Mortgage rates will rise in 2014. At least that was what just about every housing analyst said at the end of 2013 and in fact is still saying.
The thinking was that a combination of new mortgage regulations and a pullback in bond-buying by the Federal Reserve would be the rocket fuel to lift rates off near-historic lows. The Fed announced Wednesday it would extend the so-called taper and cut its bond-buying by another $10 billion, to $65 billion.
And yet for the past month, rates have not really moved. If anything, they've moved slightly lower from their year-end level and now hover just above 4.50 percent for the 30-year fixed. That has some scratching their heads about where rates will move as we head into the usually busy spring housing market.
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"The simple answer is that the rate hike due to the Fed's tapering really took effect last May/June—despite the fact that the tapering didn't begin until December," said Guy Cecala, editor-in-chief of Inside Mortgage Finance. "There was no need to hike rates further."
Cecala points out, that from the standpoint of the mortgage market, the Federal Reserve is still buying as big a share—and perhaps bigger—of new agency mortgage-backed securities production as it was six months ago.
That is because overall mortgage production is down. The rate jump at the start of last summer ended the refinance boom, and purchase originations are sluggish, as sales slow and all-cash buyers reign.
Total mortgage applications are down 52 percent from a year ago, according to a weekly report from the Mortgage Bankers Association. Refinance applications and purchase applications are down nearly 63 percent and over 12 percent, respectively. The average contract rate on the 30-year fixed was 4.52 percent last week, compared with 3.67 percent during the same week a year ago.
The Fed may have cut its mortgage-bond buying by $5 billion in January, but it has had no effect on rates for one simple reason.
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"Other parties have filled the void, and then some," said Dan Green, publisher of TheMortgageReports.com. "Mortgage bonds are rallying, and mortgage rates are dropping."
The reason: As the stock market falls, investors head to the safety of quality assets such as bonds. Recent economic turmoil overseas has added to that movement and, consequently, to a rebound in Treasury-buying, which depresses yields. Mortgage rates generally follow the 10-year yield.
"A reduction of $10 billion or even $20 billion shouldn't change the current situation where the Fed is buying a disproportionately high percentage of new agency MBS production," Cecala said. "Again, the big factor is declining originations and new MBS production."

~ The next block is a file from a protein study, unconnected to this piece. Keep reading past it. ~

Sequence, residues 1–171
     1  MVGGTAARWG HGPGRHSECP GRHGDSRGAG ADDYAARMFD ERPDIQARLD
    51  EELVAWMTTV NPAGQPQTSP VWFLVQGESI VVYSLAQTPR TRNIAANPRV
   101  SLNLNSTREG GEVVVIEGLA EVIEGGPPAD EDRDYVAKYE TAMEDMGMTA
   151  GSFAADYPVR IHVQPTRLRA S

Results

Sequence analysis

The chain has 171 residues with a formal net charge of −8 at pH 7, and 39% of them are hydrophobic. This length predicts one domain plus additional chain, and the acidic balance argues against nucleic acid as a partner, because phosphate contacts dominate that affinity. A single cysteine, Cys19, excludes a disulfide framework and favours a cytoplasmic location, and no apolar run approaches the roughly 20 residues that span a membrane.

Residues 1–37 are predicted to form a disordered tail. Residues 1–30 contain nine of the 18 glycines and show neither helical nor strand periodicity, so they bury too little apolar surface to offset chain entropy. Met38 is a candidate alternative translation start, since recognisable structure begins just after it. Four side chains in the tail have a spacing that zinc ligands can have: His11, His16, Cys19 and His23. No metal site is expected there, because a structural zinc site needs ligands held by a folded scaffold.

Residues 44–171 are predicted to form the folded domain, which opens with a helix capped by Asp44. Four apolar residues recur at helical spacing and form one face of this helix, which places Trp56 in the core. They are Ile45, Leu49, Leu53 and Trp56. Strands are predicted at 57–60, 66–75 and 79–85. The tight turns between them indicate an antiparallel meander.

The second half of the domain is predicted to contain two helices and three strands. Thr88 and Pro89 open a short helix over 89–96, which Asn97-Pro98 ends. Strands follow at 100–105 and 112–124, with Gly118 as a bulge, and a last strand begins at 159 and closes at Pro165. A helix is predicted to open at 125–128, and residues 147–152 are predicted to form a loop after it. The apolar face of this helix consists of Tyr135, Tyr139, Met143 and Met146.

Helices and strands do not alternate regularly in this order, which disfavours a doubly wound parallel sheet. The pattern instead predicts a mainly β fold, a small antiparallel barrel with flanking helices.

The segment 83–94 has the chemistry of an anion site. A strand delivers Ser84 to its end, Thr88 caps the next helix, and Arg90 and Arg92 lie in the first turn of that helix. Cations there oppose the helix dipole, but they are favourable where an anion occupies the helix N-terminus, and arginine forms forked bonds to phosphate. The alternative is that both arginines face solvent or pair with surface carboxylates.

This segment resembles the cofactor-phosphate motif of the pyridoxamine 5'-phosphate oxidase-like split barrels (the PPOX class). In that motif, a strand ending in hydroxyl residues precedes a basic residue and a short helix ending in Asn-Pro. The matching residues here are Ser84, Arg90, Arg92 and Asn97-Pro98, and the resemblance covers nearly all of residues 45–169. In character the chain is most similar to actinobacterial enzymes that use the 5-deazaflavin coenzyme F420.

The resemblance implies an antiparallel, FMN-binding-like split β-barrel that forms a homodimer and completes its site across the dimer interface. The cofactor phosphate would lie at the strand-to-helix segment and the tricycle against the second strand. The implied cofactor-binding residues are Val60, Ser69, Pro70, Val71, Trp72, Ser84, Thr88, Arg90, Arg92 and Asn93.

As for any major policy changes in the mortgage market, they are unlikely at least this year.
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President Barack Obama mentioned housing just two times in his State of the Union address Tuesday. He said housing is "rebounding," and then suggested that legislation was needed to protect taxpayers from another housing crisis. In a policy fact-sheet released during the speech, Obama reiterated his plan—first outlined last summer—to reform housing finance.
The primary reason the president is not pushing a housing agenda is that mortgage giants Fannie Mae and Freddie Mae are making money hand over fist—money that goes directly to the federal government because of its conservatorship.
It's also just too big an issue to tackle with Congress facing midterm elections.
"The housing market is in the best shape of Obama's presidency," said Jed Kolko, chief economist at Trulia.com. "Construction and sales in 2013 were both at their highest levels since before he took office, and prices have bounced back to within range of their long-term norms."
(Read more: All-cash offers crushing first-time buyers)
Kolko also noted that the president's two main initiatives, mortgage refinancing and modifications, don't work as well in a higher interest rate environment.
So will mortgage rates really rise in 2014? Probably, but not entirely because of the Fed's moves or more mortgage regulation. Despite a new regime at the Fed, policy will still depend largely on the employment picture.
"What Janet Yellen will do in March will depend on a few more jobs numbers and a clearer view of how markets deal with the current reality of less QE [quantitative easing]," wrote Peter Boockvar, an analyst with the Lindsey Group.
Mortgage rates will rise because interest rates always increase with an improving economy and a strong stock market, which appears to be the current trajectory, though they likely will rise more slowly than some have predicted.
—By CNBC's Diana Olick. Follow her on Twitter @Diana_Olick.